E Street Band Saxophonist Clarence Clemons' Last Show Wasn't Where You'd Expect

The saxophone is a large, intimidating and complex-looking instrument. Nonetheless, it has quite the appeal for would-be players. Did you grow up watching aspiring jazz star Lisa Simpson enthusiastically play her saxamaphone (as her father calls it) in "The Simpsons?" Perhaps it was the first time you heard the sublime solo that kicks off Gerry Rafferty's "Baker Street"? Whatever the case, there's no denying that this woodwind instrument — yes it is a woodwind because it uses a reed, via Yamaha – has a certain appeal. However, one brilliant player who mastered this intriguing instrument was Clarence Clemons.

Clemons, the BBC reports, found stardom with Bruce Springsteen in the Boss' E Street Band. As a member, the outlet goes on, Clemons had a huge impact on Springsteen's developing style, and he was mourned by the musical community when he died in June of 2011, at 69. Clemons' last performance with his legendary sax took place on an unexpected stage, with unexpected (yet equally lofty) company.

The Boss would have been nowhere without the Big Man

Clarence Clemons was a musician of great stature, both figuratively and literally. Certainly the latter; the BBC reports that he was 6 feet and 5 inches tall, earning his honorific: Big Man. His impact on music was just as great. Springsteen may not have risen to the heights he did without the Big Man's talent and stage presence. 

Per AllMusic, Clemons was a fixture of the E Street Band from 1973 until the year of his death. His impact was phenomenal, and the debt owed to him was made plain by one of the most acclaimed musicians of all time. The Boss gave a heartfelt eulogy at Clemons' funeral in which he stated, "I leaned on Clarence a lot; I made a career out of it in some ways," according to Rolling Stone.

For his last performance, though, the sax star teamed up with another musical icon: Lady Gaga. "American Idol" may not be the sort of arena where you'd expect to see Clemons bring the house down one last time, but this was exactly what happened.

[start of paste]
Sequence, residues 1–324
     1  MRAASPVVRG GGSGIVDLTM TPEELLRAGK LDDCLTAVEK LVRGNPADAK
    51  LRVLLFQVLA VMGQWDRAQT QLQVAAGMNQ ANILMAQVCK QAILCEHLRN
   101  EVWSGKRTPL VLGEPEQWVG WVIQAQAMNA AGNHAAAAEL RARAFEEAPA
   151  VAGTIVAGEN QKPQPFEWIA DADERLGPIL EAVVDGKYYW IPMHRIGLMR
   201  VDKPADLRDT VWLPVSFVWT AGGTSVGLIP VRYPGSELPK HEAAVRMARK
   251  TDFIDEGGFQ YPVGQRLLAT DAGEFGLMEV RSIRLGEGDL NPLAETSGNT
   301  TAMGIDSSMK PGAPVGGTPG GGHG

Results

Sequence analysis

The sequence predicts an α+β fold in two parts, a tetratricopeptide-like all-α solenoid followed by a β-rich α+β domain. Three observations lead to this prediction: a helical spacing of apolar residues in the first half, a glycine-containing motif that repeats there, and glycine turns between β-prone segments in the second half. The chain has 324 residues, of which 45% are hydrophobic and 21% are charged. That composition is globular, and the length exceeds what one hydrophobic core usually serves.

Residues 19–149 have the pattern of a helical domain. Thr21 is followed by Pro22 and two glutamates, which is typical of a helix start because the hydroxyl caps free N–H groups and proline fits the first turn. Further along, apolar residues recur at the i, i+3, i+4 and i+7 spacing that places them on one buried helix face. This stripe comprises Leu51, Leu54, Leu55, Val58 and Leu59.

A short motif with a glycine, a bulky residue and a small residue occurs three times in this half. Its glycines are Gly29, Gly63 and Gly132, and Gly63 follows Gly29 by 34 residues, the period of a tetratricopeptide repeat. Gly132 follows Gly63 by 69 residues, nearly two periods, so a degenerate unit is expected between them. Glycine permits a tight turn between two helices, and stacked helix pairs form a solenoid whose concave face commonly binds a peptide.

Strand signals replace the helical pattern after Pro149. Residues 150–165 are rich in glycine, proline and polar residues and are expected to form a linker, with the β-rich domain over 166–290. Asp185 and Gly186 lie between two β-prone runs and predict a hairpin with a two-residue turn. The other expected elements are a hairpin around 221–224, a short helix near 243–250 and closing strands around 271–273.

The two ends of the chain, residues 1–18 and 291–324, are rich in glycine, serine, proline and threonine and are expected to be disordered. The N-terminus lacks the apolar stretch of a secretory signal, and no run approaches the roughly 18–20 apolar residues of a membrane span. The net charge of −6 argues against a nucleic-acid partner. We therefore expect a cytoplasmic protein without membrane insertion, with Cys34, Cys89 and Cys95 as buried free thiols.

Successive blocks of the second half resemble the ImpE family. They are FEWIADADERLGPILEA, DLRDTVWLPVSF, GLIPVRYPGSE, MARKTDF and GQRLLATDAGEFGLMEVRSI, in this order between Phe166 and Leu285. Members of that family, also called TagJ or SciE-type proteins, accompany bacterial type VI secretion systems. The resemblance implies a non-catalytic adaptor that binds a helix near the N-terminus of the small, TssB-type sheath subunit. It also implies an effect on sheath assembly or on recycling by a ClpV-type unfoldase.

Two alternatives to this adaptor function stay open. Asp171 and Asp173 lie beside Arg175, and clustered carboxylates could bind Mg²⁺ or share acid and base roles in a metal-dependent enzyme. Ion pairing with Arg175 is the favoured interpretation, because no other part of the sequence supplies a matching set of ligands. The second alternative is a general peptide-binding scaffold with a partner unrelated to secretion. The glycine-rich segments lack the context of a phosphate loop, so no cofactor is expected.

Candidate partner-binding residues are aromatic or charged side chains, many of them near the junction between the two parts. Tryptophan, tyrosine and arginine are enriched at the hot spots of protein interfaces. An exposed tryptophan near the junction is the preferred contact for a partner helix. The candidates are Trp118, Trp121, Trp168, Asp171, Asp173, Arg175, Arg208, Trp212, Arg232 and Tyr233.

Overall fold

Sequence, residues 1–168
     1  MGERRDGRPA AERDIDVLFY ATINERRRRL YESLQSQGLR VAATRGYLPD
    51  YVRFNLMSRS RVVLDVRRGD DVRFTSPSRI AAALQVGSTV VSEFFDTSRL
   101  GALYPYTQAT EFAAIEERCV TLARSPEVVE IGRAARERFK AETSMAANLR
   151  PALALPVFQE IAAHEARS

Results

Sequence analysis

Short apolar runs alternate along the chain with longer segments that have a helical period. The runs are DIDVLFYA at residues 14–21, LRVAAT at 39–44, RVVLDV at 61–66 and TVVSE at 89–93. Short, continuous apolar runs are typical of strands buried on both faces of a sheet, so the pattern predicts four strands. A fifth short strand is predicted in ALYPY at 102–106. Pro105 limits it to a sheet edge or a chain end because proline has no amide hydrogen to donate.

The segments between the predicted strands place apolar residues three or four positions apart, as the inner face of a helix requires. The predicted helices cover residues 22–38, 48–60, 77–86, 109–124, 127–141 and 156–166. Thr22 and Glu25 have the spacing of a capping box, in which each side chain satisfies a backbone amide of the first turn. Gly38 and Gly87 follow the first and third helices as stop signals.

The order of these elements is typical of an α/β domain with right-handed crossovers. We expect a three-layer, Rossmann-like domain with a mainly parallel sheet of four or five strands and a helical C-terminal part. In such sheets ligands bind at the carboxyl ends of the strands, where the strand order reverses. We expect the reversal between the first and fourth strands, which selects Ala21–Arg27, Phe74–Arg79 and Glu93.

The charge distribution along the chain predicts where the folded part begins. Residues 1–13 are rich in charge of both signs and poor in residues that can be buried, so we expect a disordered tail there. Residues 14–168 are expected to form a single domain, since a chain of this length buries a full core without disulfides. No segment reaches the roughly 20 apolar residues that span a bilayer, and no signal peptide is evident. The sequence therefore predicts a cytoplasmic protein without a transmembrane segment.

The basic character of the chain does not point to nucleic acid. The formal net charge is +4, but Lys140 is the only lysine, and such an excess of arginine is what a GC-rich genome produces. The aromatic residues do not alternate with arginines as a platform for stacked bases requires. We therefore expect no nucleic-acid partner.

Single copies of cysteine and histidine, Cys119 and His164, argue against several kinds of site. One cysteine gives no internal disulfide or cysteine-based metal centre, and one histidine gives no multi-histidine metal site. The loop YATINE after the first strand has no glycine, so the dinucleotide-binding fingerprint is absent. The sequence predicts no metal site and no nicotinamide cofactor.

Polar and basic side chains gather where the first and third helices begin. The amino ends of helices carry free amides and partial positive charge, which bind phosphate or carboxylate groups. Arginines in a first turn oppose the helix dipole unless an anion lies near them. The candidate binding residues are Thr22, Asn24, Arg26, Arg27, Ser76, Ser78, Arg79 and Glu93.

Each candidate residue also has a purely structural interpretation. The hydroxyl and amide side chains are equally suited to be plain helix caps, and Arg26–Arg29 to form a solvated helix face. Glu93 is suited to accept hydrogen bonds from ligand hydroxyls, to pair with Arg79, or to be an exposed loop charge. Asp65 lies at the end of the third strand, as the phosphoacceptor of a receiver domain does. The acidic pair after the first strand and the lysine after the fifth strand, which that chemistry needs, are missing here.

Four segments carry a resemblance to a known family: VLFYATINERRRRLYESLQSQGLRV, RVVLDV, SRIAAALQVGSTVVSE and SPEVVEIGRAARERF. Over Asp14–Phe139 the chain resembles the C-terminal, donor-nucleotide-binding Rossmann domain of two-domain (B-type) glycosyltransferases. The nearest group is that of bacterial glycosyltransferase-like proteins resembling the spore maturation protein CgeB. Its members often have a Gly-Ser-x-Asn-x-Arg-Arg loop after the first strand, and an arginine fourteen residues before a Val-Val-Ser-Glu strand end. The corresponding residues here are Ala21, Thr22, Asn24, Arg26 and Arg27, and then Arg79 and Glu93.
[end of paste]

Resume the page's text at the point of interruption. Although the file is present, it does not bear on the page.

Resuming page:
A great swansong with Lady Gaga

Lady Gaga brought in Clarence Clemons' illustrious talents for her "Born This Way" album. He played on "Hair," as well as the album's smash-hit single "The Edge Of Glory," as MTV reports, Her producer, Fernando Garibay, reportedly told the outlet just how thrilled Mother Monster was about the prospect of working with Clemons: "She grew up listening to Bruce Springsteen and the E Street Band," Garibay is quoted as saying. "...she goes, 'Can we get Clarence?' And I go, 'Of course we can get Clarence. You're Lady Gaga!'"

Clarence was indeed gotten, and when Gaga gave a rousing performance of "The Edge Of Glory" on "American Idol," he was right there on stage with her. The performance (available here via Lady Gaga on YouTube) took place on the show's season finale on May 25, 2011, MTV states. It would, sadly, be his final performance.

Clemons had been through a lot of surgery in his last years, per Rolling Stone, with his hips, spine, and knees all requiring extensive procedures. Despite this, he told the outlet in February of 2011, "I'm going to keep going 'til I'm not there anymore. This is what's keeping me alive and feeling young and inspired." He also expressed a desire to perform live with Lady Gaga ("if she asked, I'd love to"). Tragically, he died following a stroke just weeks after getting this wish, per The Guardian, on June 18 of that year.